Coming Down the Mountain

“Mountaintop spiritualilty has perhaps been one of the most destructive things in my spiritual life.”

The words were really out before I had a thought about them. They emerged in a morning devotion with a group of people high up (ironically) in the Guatemalan hills, at a morning devotion time before we went out to build houses.

For me, it was a typically melodramatic overstatement, but in this case it was also pretty true.

Everest North Face toward Base Camp Tibet Luca Galuzzi 2006 (via Creative Commons)

Everest North Face toward Base Camp Tibet Luca Galuzzi 2006 (via Creative Commons)

I am certainly no mountain climber, but I’d spent a season reading and learning a lot about climbing Mount Everest through books like Jon Krakauer’s Into Thin Air and a Discover Channel series called, “Beyond the Limit”, about a professional guide at Everest who helped people with their final ascent.

It is an absolutely brutal and a very real you-can-really-die-in-an-instance type of experience. The altitude and brutal conditions take a horrendous toll on your body, making taking even ONE step an excruciating experience. Some people end up being able to put one foot in front of the other about once every thirty minutes. In the last couple of ascents (it takes many days to get from “base camp” at Everest up to the top), the oxygen is so thin that your body is literally incapable of getting enough nourishment, so it begins to essentially “eat itself.” The caloric requirement is so huge, that your body goes into hunger mode, and starts devouring muscle protein in order to survive.

Every move, every stop must be highly scheduled and coordinated or you will literally die on the mountain (many bodies are left frozen on the mountain; you can see them as you climb).

All for thirty minutes.

Due to oxygen requirements (and the schedule that keeps you alive), you can only spend about 30 minutes at the top of Everest.

Now, that thirty minutes may be wonderful; the experience is absolutely magical and unmatched; the time there may even be transformative; but it does not last.

You have to descend.

THAT, essentially, is how I lived my spiritual life for decades: a quest to get from “mountaintop” to “mountaintop”, fixing on spiritual highs like a drug. I would climb the mountain, dwell in the heights for a time, and descend like Moses, full of optimism and reflecting the Glory of God.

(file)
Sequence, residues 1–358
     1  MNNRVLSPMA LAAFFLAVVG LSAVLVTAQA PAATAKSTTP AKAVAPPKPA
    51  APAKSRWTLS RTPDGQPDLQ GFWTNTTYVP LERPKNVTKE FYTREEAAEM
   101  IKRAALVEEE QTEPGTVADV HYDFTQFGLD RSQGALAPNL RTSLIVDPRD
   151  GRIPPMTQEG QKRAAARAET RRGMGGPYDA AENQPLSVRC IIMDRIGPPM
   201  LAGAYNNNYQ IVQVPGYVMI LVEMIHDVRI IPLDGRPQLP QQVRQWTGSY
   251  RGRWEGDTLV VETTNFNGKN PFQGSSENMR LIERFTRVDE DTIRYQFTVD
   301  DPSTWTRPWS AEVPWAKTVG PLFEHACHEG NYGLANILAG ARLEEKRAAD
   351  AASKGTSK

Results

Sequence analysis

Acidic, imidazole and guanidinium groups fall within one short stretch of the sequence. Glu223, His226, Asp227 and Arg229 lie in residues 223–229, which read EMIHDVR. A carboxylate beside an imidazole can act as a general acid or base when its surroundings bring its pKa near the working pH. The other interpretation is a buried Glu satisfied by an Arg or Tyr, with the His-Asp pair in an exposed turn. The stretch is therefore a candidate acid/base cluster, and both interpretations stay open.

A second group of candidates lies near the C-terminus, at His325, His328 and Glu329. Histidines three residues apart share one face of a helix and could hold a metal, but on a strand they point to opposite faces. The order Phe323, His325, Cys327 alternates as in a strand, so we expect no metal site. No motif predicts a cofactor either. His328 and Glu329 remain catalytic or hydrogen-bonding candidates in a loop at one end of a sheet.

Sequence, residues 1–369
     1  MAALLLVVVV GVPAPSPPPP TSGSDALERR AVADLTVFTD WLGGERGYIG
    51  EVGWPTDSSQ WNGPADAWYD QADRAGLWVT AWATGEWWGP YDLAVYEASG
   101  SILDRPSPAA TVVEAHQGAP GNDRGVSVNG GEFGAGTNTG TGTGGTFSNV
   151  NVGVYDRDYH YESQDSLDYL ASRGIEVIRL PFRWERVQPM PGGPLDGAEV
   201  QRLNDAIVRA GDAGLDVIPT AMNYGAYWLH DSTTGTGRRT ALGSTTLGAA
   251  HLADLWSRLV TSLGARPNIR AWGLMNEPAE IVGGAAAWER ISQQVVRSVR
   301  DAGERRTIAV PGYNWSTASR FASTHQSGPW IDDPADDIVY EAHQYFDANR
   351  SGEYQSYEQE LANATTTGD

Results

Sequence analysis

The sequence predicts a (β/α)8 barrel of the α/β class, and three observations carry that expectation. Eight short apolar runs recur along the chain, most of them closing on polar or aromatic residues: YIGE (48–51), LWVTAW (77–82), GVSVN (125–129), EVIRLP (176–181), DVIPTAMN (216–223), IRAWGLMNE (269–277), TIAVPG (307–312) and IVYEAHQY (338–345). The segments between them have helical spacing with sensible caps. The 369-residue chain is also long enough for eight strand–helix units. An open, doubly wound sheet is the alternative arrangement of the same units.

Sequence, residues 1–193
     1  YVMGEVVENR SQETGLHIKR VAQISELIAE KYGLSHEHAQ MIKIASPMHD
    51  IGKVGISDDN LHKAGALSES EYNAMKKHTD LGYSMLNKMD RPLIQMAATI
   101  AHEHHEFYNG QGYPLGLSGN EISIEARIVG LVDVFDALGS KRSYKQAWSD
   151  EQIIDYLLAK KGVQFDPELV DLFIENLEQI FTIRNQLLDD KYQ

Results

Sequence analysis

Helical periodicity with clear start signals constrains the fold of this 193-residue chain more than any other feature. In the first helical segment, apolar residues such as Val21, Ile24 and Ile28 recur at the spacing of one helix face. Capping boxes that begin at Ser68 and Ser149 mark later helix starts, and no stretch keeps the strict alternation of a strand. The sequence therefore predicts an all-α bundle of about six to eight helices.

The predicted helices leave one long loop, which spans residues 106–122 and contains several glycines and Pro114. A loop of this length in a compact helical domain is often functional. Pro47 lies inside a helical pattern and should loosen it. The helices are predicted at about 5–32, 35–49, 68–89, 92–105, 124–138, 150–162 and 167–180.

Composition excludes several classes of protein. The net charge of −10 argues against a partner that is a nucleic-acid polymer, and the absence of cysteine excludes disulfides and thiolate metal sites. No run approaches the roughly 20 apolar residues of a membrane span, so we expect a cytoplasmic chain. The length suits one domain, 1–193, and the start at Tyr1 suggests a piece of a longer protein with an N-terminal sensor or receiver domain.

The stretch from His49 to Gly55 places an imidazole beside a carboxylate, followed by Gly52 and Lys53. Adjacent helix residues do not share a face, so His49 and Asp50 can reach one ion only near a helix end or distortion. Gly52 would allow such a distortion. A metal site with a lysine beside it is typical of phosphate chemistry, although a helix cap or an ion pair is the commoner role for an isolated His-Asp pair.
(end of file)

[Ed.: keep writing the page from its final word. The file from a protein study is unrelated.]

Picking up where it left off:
But it always faded. It always does.

And so I’d climb again.

And again.

And again.

Is this what Jesus meant by a stream of living water, welling up inside me to eternal life?

This didn’t feel like abundant life to me; it felt like experience addiction.

Lately I have decided to “come down the mountain”, and approach my spiritual life with a different metaphor.

Sinai Desert, via Creative Commons

Sinai Desert, via Creative Commons

The desert is not like the mountain. Where the mountain apexes into a specific peak, the desert drones on and on in a sort of monotony. There is a definite sameness to the landscape (though it’s certainly no less dangerous than climbing; the desert can just as easily kill you with thirst or a rattlesnake).

The desert leaves you alone with yourself. It forces you to face our most difficult challenge: OURSELVES.

On the surface, the desert is the same, day after day, but if you look more closely and have eyes to see and ears to hear, you can encounter amazing life and variety.

But it’s not easy.

You have to be attentive.

You have to watch and listen.

You have to be silent.

For me, this is the way I have to live in order to stay sane in this world. Mountaintop spirituality was simply turning me into a “religion junky”, and the fix NEVER seemed to hang around long enough. The desert, on the other hand, is a consistent, day-to-day walk that continually forces me to find beauty in the apparent normalcy of my life. It makes me work out my salvation in a very consistent, low key manner.

I don’t think it’s any accident that after the “light show” of Mount Sinai took place in the midst of Israel’s long desert experience. It’s as if God wanted to emphasize the fact that the occasional mountain may show up (though you may not even get to ascend; you may just get to watch Moses walk up), MOST—if not ALL—of your life is going to be spent walking through the desert. You have to get the desert right in order to keep the mountain in perspective.

Keep on walking.
Perry and Jane’s gets it… (WARNING: If you know Jane’s Addiction, you know that this video is probably, well, CRAZY, and even a bit NSFW)


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